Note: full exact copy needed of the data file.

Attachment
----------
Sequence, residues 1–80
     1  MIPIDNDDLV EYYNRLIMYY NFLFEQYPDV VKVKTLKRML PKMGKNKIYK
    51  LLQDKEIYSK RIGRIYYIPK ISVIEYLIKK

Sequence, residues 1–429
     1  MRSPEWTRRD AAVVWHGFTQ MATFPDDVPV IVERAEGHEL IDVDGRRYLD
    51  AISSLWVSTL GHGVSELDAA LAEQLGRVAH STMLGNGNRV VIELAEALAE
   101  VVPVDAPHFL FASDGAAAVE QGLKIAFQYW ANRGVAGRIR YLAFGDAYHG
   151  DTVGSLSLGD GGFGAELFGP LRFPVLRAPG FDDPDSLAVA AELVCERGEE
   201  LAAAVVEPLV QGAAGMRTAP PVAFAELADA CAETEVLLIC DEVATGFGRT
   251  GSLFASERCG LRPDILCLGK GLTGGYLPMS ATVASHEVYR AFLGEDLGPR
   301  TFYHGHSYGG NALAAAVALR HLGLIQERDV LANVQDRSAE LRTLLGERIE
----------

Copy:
Sequence, residues 1–80
     1  MIPIDNDDLV EYYNRLIMYY NFLFEQYPDV VKVKTLKRML PKMGKNKIYK
    51  LLQDKEIYSK RIGRIYYIPK ISVIEYLIKK

Sequence, residues 1–429
     1  MRSPEWTRRD AAVVWHGFTQ MATFPDDVPV IVERAEGHEL IDVDGRRYLD
    51  AISSLWVSTL GHGVSELDAA LAEQLGRVAH STMLGNGNRV VIELAEALAE
   101  VVPVDAPHFL FASDGAAAVE QGLKIAFQYW ANRGVAGRIR YLAFGDAYHG
   151  DTVGSLSLGD GGFGAELFGP LRFPVLRAPG FDDPDSLAVA AELVCERGEE
   201  LAAAVVEPLV QGAAGMRTAP PVAFAELADA CAETEVLLIC DEVATGFGRT
   251  GSLFASERCG LRPDILCLGK GLTGGYLPMS ATVASHEVYR AFLGEDLGPR
   301  TFYHGHSYGG NALAAAVALR HLGLIQERDV LANVQDRSAE LRTLLGERIE